In the book’s ‘Acknowledgments’ section, Child also makes mention of her editor, Judith Jones, who edited all of Child’s cookbooks. Jones has been credited with introducing American audiences to Julia Child with the publishing of Child’s first cookbook, ‘Mastering the Art of French Cooking’ in 1961.


‘Julia’s Kitchen Wisdom’ – the Television Special

Following the release of Child’s first cookbook ‘Mastering the Art of French Cooking’in 1961, educational television station WGBH in the United States (now known as PBS) offered her a television series entitled ‘The French Chef’, where she demonstrated how to cook French recipes in half-hour episodes.Child went on to host numerous other television shows inspired by her popular cookbooks.Some of these included ‘Julia Child and Company’ (1978–79), ‘Baking with Julia’ (1996-98), and the two-hour special ‘Julia’s Kitchen Wisdom’’ which inspired the book.

The television special, ‘Julia’s Kitchen Wisdom’, aired in 2000 and was a two-hour compilation of videos from Child’s earlier television shows and specials. In between snippets of Child demonstrating recipes, there are brief clips of her peers discussing the impact Child’s work – both her books and television shows – have had on their own careers.The special is seen as more of a tribute to Child and her enduring legacy as opposed to an instructional cooking show.Like the book, the show is organised by categories, such as ‘Vegetables’ and ‘Eggs’ and incorporates information on techniques and tips from Child.The accompanying book is designed to be more instructional than the show itself.


Response to ‘Julia’s Kitchen Wisdom


‘Julia’s Kitchen Wisdom’ garnered positive responses globally and gained increased popularity following the release of the film ‘Julie and Julia’ in 2009. It was well received in the food community given its simple and easy-to-follow structure. It was also popular as it differed from traditional cookbooks, like Child’s previous works, that only offer recipes consisting of an ingredient list and method. ‘Julia’s Kitchen Wisdom’ instead offers recipes along with explanations of technique, advice on what utensils and equipment to use, recipe variations and tips to solve common cooking problems. The book’s accessible nature and characterisation as a ‘basic’ cookbook suited for home-cooks contributed to the book’s success and endurance as a timeless kitchen reference guide. The popularity of Julia Child as a chef, home-cook and television personality also contributed to the book’s success. At the time of publishing, Child was renowned both within and beyond the food industry and was lauded for her ability to encourage amateur cooks to attempt complex meals and techniques. Her reputation of being a reliable source of cooking advice, understanding and know-how is likely to have been influential in eliciting the positive response ‘Julia’s Kitchen Wisdom’ received.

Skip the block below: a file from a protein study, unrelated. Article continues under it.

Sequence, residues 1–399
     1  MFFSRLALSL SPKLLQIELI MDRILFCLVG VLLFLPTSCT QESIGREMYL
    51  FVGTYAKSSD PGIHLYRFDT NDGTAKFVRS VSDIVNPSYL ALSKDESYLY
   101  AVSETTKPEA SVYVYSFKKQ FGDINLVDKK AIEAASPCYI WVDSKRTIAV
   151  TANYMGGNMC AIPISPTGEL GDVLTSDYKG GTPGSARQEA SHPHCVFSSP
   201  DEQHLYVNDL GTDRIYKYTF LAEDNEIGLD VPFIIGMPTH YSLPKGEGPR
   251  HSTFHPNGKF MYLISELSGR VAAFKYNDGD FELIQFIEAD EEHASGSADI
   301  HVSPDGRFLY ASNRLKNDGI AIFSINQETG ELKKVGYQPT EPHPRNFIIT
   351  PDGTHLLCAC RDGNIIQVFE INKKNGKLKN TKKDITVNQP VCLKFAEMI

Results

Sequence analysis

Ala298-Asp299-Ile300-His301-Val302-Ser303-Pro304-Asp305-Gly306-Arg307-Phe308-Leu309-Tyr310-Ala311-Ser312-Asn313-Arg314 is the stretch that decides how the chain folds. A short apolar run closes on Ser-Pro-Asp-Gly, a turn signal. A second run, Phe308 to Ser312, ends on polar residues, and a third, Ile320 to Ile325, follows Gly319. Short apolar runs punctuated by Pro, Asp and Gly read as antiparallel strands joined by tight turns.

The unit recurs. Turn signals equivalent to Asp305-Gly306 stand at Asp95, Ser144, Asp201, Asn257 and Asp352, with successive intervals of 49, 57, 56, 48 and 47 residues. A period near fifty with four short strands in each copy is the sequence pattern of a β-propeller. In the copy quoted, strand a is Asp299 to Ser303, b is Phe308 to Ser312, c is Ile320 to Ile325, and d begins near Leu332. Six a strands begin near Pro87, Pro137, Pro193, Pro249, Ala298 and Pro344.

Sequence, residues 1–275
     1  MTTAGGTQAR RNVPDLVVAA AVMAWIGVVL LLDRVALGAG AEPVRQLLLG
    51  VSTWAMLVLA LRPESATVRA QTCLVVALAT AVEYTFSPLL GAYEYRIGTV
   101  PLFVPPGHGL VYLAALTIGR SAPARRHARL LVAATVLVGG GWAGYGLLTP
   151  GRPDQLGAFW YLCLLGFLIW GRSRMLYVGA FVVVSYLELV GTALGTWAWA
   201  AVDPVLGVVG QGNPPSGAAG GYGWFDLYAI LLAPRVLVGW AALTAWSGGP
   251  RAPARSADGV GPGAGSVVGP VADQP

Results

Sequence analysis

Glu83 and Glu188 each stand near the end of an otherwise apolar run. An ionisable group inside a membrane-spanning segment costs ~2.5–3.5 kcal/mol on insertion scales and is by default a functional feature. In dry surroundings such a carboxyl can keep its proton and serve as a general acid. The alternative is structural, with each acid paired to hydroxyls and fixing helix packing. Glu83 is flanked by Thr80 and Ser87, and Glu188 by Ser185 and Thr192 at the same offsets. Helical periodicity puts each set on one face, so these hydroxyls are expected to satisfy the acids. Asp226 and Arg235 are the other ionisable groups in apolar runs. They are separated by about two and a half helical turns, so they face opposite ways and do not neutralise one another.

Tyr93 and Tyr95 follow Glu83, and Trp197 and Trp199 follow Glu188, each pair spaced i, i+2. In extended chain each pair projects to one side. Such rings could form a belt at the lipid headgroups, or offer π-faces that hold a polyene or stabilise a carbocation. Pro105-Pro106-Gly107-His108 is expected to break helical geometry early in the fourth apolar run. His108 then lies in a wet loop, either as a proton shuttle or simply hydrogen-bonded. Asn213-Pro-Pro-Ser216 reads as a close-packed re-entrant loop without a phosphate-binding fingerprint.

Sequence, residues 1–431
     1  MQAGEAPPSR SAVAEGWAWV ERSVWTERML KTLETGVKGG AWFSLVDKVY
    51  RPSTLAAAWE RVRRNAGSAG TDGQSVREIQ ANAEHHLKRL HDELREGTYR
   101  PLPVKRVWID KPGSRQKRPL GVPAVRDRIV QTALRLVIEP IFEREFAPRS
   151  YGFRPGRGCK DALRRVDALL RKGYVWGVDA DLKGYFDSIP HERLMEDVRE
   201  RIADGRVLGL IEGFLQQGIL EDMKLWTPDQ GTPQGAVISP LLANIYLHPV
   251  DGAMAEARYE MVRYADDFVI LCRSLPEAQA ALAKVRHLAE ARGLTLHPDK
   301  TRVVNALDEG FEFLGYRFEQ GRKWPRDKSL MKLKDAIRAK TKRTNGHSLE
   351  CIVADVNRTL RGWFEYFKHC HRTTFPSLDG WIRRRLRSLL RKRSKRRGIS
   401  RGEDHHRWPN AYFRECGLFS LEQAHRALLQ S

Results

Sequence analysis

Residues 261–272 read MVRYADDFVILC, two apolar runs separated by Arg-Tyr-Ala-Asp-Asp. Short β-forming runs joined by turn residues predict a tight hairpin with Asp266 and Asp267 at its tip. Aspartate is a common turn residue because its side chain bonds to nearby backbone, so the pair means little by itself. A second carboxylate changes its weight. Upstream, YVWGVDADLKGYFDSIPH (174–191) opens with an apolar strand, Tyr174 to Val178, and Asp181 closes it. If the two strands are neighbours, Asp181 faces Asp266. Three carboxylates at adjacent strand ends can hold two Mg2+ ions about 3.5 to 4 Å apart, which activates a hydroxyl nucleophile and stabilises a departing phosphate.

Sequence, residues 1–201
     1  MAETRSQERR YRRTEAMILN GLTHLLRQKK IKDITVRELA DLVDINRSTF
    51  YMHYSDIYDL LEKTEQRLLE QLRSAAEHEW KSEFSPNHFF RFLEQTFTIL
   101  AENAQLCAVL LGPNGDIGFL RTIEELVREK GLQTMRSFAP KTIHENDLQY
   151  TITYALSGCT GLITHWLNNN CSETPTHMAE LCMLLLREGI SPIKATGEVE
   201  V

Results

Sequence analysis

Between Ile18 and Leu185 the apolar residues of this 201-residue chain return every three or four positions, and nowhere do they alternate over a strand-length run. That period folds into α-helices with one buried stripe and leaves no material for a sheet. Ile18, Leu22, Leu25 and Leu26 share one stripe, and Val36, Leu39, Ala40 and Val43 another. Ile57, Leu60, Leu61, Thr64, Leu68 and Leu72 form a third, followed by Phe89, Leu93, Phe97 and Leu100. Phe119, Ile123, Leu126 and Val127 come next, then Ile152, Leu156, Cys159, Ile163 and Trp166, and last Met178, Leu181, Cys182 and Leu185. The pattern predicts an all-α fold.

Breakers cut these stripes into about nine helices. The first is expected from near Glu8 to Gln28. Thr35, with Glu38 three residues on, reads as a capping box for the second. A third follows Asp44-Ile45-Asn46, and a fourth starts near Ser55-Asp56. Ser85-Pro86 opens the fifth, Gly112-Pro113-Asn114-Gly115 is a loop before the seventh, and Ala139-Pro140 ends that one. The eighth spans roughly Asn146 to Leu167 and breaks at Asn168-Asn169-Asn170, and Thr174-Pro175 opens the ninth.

Enduring Impact of ‘Julia’s Kitchen Wisdom

Julia Child is remembered for the enduring legacy she has left on the food world. Her cookbooks and television shows have been credited with introducing French cuisine to America and revolutionising home-cooking in both the United States and globally. Whilst her earlier works are revered for their thorough and accurate explanations of French cooking, ‘Julia’s Kitchen Wisdom’ remains popular due to its accessibility for amateur cooks. According to Child, ‘Julia’s Kitchen Wisdom’ is not intended to take the place of her more comprehensive books, such as ‘Mastering the Art of French Cooking’, but rather serves as an all-purpose guide for basic cooking techniques and recipes.

The release of Nora Ephron’s 2009 film, ‘Julie and Julia’ led to a resurgence in interest in Child’s works. The film tells the true stories of Julia Child and Julie Powell, a woman who attempts to cook all 524 recipes from ‘Mastering the Art of French Cooking’ in one year.Following the film’s release, ‘Julia’s Kitchen Wisdom’, was propelled to number one on New York Times paperback Advice, How-To and Miscellaneous list. The success of ‘Julia’s Kitchen Wisdom’ five years after her death highlights the enduring popularity of Child’s final book amongst home-cooks and speaks to the lasting impacts of Child’s own legacy. Julia Child is remembered as a teacher, role model and mentor within the food industry. Her first television series ‘The French Chef’, which aired in 1963, has been credited with redefining discourse surrounding ‘gourmet dining’ by introducing French cuisine to American home cooks.